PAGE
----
There are two other ways in which a case reaches its end in the legal system: it can be disposed after a full hearing with evidence being recorded etc. This is called disposal on merit and on average, 50% of the rent cases filed in the two districts were disposed of in this manner.

The second way for a case to end is disposal because your lawyer does not appear in court or follows the procedures within time. This is called disposal on default and an average of about 23% of cases fell in this category for this study.
The study proved that disposal of cases is not as bad as one thinks and it is reassuring that a rent case in the district court can wrap up in about two years (if its verdict not appealed). We studied a total of 429 cases from Karachi Central and Malir and Sukkur and Larkana in October 2016


You may find that the financial cost of litigation can be quite steep. This includes the cost of filing the case in court and the legal fees charged by the lawyer for his or her service. It has been observed in district courts that the lawyers who practice within its jurisdiction generally charge in installments and do not ask for a lump sum payment. This means you end up paying your lawyer small amounts and though this may appear to be easier on your pocket in the short run, in the longer run it can spiral. Also, if for some reason you fail to pay an installment, your lawyer may refuse to appear in court when the case is fixed, which can prove quite dangerous for you because the case can be ‘dismissed in non-prosecution’.


You may read about or hear of cases which have been pending in court for decades. You may wonder how they are dealing with this backlog. Since 1999 the district judiciary has followed a Unit System policy. Each type of case is allocated a certain number of units—so the older the case, the more units are attached to its disposal and vice versa.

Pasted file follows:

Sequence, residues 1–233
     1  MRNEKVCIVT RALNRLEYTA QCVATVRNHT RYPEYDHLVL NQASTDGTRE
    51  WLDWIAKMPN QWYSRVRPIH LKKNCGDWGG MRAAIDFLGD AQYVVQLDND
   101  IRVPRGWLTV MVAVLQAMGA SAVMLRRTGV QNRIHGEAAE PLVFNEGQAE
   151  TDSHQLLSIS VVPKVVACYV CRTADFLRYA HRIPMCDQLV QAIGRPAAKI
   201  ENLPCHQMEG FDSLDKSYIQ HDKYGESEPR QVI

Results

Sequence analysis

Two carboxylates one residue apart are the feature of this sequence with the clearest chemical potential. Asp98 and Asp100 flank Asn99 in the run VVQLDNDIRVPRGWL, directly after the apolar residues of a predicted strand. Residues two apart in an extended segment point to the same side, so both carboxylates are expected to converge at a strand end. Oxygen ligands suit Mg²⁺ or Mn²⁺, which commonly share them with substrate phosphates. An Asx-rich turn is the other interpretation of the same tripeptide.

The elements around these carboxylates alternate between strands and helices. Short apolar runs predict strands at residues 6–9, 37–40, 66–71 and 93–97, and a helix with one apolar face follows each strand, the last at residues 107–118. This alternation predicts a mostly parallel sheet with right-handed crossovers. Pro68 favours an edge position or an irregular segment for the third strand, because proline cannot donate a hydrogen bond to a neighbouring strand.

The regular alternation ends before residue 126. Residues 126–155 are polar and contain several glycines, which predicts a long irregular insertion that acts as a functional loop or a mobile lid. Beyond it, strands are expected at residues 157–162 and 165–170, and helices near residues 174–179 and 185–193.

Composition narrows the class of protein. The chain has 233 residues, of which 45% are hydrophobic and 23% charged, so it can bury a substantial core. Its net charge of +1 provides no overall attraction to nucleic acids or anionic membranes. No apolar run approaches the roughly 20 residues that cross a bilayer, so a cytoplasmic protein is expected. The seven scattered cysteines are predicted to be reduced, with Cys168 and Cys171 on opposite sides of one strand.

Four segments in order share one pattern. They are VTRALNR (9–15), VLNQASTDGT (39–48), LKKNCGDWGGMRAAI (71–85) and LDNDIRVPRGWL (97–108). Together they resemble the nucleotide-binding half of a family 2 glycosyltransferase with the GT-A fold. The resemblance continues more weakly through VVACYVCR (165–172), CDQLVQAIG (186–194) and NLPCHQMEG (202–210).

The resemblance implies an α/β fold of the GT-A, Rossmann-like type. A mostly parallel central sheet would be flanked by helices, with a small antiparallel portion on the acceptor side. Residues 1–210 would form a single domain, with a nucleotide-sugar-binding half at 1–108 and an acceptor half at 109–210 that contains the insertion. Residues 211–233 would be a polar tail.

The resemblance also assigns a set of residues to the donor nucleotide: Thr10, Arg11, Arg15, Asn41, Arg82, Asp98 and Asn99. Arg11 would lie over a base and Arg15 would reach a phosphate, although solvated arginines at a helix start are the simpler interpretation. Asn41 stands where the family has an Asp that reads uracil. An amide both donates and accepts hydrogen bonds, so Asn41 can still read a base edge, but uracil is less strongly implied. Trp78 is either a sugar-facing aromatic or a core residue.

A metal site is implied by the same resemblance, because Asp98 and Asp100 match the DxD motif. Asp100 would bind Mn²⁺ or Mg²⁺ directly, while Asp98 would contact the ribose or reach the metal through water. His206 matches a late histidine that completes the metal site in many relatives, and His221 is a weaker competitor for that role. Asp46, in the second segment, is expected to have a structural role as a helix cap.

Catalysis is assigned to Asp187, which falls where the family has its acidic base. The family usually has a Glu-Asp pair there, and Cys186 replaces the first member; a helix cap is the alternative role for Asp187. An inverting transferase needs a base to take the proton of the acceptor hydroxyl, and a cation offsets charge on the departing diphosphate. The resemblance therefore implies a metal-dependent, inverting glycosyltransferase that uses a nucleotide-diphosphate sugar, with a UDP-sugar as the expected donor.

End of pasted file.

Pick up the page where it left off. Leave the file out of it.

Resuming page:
According to this system, each judge has to complete a total of 75 units each month and the District Judge has to complete 65 units each month. This policy has helped dispose of cases faster but there is no clear way evaluate quality. Therefore, the focus is more on numbers rather than the quality of the judgment. This needs to be studied if any reforms can be proposed. Also, so far the superior courts (high courts and the Supreme Court) are exempted from this policy, which makes one wonder whether perception of delays in the delivery of justice is based on cases before these higher forums.

You may also complain that there are too many strikes and court work is often suspended for reasons that have nothing to do with you or your case. This is frustrating for litigants. We tried to put together the total number of strikes each year to calculate exactly how many days of court work are lost. But we learnt that there is no central database where these instances are recorded. The most reliable information comes from the court files which record the suspension of work in order sheets for cases fixed on that day. Research showed that within the first three months of 2017, there were at least six strikes/suspension of work. The Sindh High Court Bar Association passed a resolution in January 2017 limiting strikes and suspension of work to specific circumstances. Death of a judge (retired or serving) or an advocate would result in the suspension of work after noon. Work will be suspended for the whole day only if a member of the legal community has been murdered, or there is a major national calamity. These policies can only be effective if they are followed.


The study proved that disposal of cases is not as bad as one thinks and it is reassuring that your rent case in the district court can wrap up in about two years (if its verdict not appealed). However, since the superior courts are not part of the study, we have no statistics on their disposal numbers. For any meaningful reform to be introduced more research on the nuances of cases and time frames needs to be conducted across the hierarchy of courts so that the rate of the delivery of justice in civil cases can improve.

Summaiya Zaidi is a legal researcher and is pursuing her PhD in law